EPA to Decide This Fall Whether to Permit Increase in Ethanol Blend

The Environmental Protection Agency now says it expects to decide this fall whether to allow higher blends of ethanol in gasoline following the completion of testing currently being conducted by the U.S. Department of Energy on newer vehicles designed to assess whether more ethanol damages engines.

The Environmental Protection Agency now says it expects to decide this fall whether to allow higher blends of ethanol in gasoline following the completion of testing currently being conducted by the U.S. Department of Energy on newer vehicles designed to assess whether more ethanol damages engines.

According to EPA, DOE is on schedule by the end of September to complete testing designed to determine the effects of higher ethanol blends on vehicles built after 2007. DOE also is testing some vehicles built before 2007, as well as fuel tanks and other fuel handling equipment to see how they might be affected a E15 blend. Ethanol content in gasoline is currently capped at 10 percent (E10).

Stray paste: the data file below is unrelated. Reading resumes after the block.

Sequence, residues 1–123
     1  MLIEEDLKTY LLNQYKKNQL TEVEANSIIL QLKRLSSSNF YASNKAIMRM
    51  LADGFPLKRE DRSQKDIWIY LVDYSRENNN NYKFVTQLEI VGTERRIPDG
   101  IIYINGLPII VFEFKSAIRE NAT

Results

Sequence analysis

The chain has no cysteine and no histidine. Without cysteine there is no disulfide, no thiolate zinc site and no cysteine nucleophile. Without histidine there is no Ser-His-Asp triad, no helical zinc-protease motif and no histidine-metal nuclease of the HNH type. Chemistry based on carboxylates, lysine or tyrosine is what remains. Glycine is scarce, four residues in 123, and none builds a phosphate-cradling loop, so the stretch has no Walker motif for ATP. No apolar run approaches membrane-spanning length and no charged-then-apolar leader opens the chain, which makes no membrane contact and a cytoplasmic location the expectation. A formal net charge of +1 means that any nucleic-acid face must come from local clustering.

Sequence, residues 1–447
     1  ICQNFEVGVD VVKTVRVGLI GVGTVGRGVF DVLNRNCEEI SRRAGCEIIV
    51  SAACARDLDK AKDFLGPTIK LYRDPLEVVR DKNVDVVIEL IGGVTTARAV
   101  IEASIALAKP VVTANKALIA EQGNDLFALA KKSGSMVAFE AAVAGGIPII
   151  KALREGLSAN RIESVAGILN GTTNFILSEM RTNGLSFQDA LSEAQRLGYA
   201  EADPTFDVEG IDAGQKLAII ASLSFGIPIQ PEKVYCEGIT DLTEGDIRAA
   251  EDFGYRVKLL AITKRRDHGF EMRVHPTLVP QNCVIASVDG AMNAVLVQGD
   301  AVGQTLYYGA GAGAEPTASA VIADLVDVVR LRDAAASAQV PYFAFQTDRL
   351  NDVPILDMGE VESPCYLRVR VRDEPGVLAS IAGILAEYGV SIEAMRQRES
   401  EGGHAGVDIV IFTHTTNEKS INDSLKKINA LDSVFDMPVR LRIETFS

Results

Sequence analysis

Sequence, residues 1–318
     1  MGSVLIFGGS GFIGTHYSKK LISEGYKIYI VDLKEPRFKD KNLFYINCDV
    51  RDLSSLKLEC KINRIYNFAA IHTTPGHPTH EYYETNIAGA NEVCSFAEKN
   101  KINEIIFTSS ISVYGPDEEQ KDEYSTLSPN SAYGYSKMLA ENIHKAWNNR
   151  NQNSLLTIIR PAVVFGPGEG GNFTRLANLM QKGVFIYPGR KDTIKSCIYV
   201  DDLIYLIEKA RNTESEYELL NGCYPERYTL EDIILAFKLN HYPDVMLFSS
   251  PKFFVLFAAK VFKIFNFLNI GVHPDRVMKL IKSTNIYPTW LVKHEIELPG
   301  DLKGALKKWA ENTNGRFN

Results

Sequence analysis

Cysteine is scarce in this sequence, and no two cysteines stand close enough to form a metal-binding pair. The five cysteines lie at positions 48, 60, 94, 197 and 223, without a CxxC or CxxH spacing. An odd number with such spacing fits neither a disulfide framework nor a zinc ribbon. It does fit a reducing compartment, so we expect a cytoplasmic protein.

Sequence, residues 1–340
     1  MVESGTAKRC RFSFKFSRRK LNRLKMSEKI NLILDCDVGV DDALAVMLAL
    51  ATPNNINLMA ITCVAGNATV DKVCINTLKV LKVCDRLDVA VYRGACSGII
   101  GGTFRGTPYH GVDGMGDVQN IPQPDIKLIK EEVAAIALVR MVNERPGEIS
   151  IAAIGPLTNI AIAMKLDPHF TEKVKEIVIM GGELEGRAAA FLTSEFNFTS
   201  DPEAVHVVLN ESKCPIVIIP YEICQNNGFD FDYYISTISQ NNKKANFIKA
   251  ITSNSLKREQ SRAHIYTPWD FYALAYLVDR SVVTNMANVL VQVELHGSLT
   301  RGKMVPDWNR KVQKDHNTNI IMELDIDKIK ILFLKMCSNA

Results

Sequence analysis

Agriculture Secretary Tom Vilsack said the announcement is good news for ethanol producers and that the EPA is taking "a significant step forward" by discussing their timeline.

"With this green light, USDA is surging ahead on our work to provide support to feedstock producers, biofuel refiners and infrastructure installers, such as blender pumps, to ensure that all the pieces of the ethanol supply chain are ready to supply the market demand," Vilsack said.

Separately, in a letter to Archer Daniels Midland CEO Patricia Woertz, EPA said it is considering an earlier ADM request that the agency allow the use of an E12 ethanol blend. Earlier this month, Woertz has requested the more modest boost, pointing out that E12 is "substantially similar" to the E10 bend that currently is approved.

Increasing the ethanol content in gasoline raises the oxygen level and corrosive properties of the fuel, so while EPA said it will give "careful attention" to ADM 's request, test data would be needed for such approval, wrote EPA Assistant Administrator Gina McCarthy. "However we are not aware of any test data using 12 percent ethanol blends," McCarthy said.

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